"You are buying more of the dream, the image and the magic and less of the technicity. Indeed the technicity serves to primarily to support the reputation of the brand." ( wife was right).

 "A tourbillon is a dream. It is magic.  Because it is a dream it must be a bit inaccessible....But you make the tourbillon suddenly very accessible, do some degree you destroy the dream and you break the magic."

"A real hand made rattrapante costs minimum 50 thousand Swiss Francs and suddenly you’ve got a guy who has one on his wrist that costs less than 10 thousand Francs. How will that make you feel...? Once the dream has been broken you cannot repair it and this should be the greatest cautionary tale to what is going on with the tourbillon."

In the end, it doesn't matter what a 'tourbillon' or 'rattrapante' is... or even how to pronounce all these big words - the only important thing is that prices are falling.  All these fancy complications in a watch can become obsolete.  The brand is more important, it has a better chance of lasting.


A Nice Watch

Long time ago I went to a used watch shop with my wife.  There was row upon row of watches, each one priced from 4K onwards.  Couldn't believe how fugly most were: garish colors, 4 or 5 separate dials cluttering the watch face, studded with something a drunk rapper would wear.

After spending all this time online looking at watches, I've only came across one that strikes me as beautiful.  It looks like a watch, is easy to read, fits nicely with casual or formal wear, and comes without the marketing baggage: you don't have be James Bond or Tiger Woods to wear it:

Probably won't get it though, 5K is too much for a watch. [edit: was only SGD 3K.  A reasonable amount, but no so much that I should have spent on stocks instead...].

Friday, June 8, 2012

Dips vs Bear Markets

From "Is the Bear Around the Corner?" by Jon D. Markam.

How often does a 10% midyear "correction" go lower to become a 20%+ bear market, and what happens if it does?
  • From 1928 there were 24 10% drops - a bear market occurred only 1/3rd of the time (7 times), but for those, the S&P lost an average of an additional 38%
  • For those bear markets, after the initial 10% loss, the maximum rebound averaged +8.3% (before going south again).
His summary:
  • If the S&P 500 loses more than -5% from the Monday close, then the probability increases that we could be in the throes of a prolonged, new bear market. The line in the sand, then, is 1,214.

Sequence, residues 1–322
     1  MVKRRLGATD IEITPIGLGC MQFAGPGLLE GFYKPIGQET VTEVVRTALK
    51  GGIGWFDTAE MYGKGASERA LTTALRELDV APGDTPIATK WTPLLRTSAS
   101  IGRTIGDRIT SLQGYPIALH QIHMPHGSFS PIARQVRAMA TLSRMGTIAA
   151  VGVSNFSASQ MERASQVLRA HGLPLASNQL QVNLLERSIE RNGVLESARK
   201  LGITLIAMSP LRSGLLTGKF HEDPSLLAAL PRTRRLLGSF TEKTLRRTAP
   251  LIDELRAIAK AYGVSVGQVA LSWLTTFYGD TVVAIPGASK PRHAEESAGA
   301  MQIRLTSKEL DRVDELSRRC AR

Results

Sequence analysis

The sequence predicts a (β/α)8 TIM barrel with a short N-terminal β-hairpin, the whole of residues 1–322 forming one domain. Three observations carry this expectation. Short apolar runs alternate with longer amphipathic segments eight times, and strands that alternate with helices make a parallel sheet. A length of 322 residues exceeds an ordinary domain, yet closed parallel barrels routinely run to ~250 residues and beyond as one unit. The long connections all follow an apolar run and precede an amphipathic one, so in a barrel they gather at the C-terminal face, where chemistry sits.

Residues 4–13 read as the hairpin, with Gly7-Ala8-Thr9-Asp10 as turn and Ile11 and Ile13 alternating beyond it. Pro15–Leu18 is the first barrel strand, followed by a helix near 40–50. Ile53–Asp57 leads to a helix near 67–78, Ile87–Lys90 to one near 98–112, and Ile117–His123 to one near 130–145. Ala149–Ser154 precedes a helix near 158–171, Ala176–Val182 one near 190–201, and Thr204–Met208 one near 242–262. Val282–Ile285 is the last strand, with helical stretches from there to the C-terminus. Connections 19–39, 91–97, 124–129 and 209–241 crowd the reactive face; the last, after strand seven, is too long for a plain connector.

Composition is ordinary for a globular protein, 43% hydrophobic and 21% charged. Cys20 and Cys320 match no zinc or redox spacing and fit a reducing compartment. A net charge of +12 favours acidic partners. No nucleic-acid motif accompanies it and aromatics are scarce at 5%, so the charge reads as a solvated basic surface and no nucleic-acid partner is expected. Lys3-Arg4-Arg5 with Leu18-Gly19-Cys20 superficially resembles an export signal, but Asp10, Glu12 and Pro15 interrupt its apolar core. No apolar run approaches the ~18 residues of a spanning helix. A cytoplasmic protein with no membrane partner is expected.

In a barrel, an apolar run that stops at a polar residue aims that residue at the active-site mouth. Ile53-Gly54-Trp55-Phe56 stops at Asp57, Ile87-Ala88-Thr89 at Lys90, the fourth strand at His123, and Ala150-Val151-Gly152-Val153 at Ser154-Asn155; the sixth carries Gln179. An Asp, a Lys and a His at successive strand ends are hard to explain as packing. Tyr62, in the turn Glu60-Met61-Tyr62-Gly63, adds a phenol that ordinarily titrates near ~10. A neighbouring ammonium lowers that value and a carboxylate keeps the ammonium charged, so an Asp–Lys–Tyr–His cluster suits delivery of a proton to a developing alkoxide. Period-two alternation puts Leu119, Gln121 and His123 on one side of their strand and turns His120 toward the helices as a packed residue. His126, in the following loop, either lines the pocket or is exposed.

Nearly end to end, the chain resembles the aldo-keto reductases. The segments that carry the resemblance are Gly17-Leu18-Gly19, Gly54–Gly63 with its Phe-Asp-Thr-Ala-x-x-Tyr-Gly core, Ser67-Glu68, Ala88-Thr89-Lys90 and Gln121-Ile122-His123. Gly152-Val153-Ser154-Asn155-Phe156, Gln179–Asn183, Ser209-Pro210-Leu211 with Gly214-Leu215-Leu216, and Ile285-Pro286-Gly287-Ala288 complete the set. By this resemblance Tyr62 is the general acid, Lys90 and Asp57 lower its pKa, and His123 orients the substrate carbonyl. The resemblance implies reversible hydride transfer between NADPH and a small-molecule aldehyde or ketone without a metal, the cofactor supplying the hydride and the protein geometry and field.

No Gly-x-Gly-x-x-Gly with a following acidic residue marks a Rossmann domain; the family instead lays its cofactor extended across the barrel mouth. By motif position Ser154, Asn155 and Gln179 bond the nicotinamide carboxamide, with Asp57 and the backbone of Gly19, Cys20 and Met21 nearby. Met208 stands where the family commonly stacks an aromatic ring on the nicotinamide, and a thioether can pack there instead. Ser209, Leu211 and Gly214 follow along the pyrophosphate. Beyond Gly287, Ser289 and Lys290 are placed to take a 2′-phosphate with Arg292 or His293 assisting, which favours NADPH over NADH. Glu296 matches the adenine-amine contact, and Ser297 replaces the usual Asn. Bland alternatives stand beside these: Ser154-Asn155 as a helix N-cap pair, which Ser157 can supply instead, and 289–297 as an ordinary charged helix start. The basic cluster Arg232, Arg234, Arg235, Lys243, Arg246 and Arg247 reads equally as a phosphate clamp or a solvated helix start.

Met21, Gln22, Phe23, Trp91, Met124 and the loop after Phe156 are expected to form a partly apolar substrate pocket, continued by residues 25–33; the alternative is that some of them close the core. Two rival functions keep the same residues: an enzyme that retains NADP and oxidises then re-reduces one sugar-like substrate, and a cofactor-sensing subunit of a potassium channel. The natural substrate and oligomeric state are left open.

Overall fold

• In contrast, if the market rallies more than +10% from here, to 1,405, then the chances of a bear market dramatically decrease.

Other things when looking at counter trend rallies for clues to market direction, from Barry Ritholtz:
  • A reaction rally lasts 2-7 days.   "Watch the market breadth, the volume and where we close relative to the highs and lows for some small measure of insight."
  • Counter trend rallies are powerful and euphoric.  Some of the best one day gains occur in bear markets.  Fear (short sellers being squeezed) is stronger than greed (legitimate buying).
Fundamentally, the two main questions are:
  • Are we heading for a US recession?
  • Fed intervention: occurred the last 2 times the market dropped 20%. When is QE3?  (And will the market respond to another shot of morphine?)
We won't know these two things without hindsight.

Saturday, June 2, 2012

Short Notes on Air Asia

BT, May 17th 2012, S Jayasankaran

Quick points:
  • At a time when full service carriers, incl. SIA, have begun registering losses, AA 'defied' industry trends to register 12% yoy in raw passenger traffic to 4.8m for Malaysia operations.Revenue-Passenger-kilometer (RPK) grew 9%, partially from shorter average stage length.  Maintained 80% load factor.
  • Foreigners hold 51% of the stock - most foreign held company on KLSE.
  • Impending listing (May...what happened?) of AA's 49%-owned Thai unit should cut debt considerably.
  • Indonesia listing may not happen because of regulatory changes: require company to own at least 2 planes to be listed, but AA Indonesia leases all its planes from AA (who keeps the debt on its balance sheet).
  • AA currently bears 1.9M financing attributable to Thai and Indon associates.  If removed, would reduce gearing from 1.4 to 0.9 times.  For this, the associates would have to build their balance sheets in the future and take over their own aircraft/
  • Thai AA turned around in Q4 and registered profits of 200M last year (flat yoy, in spite of floods and rising fuel costs).
  • Next quarter, AA can begin to recognize profits from AA Thai.  Currently still offsetting $330m in accumulated losses to clear. If accounted for now, would have added RM99M to AA's 2011 results.
I would not hold a large amount of Air Asia due to its debt and future capex commitments.  Maybe a smaller amount, as it is the market leader in a growing industry.  Need to go through their numbers again.  Wait for recession to buy (...hopefully they manage to spin off AA Thai before that).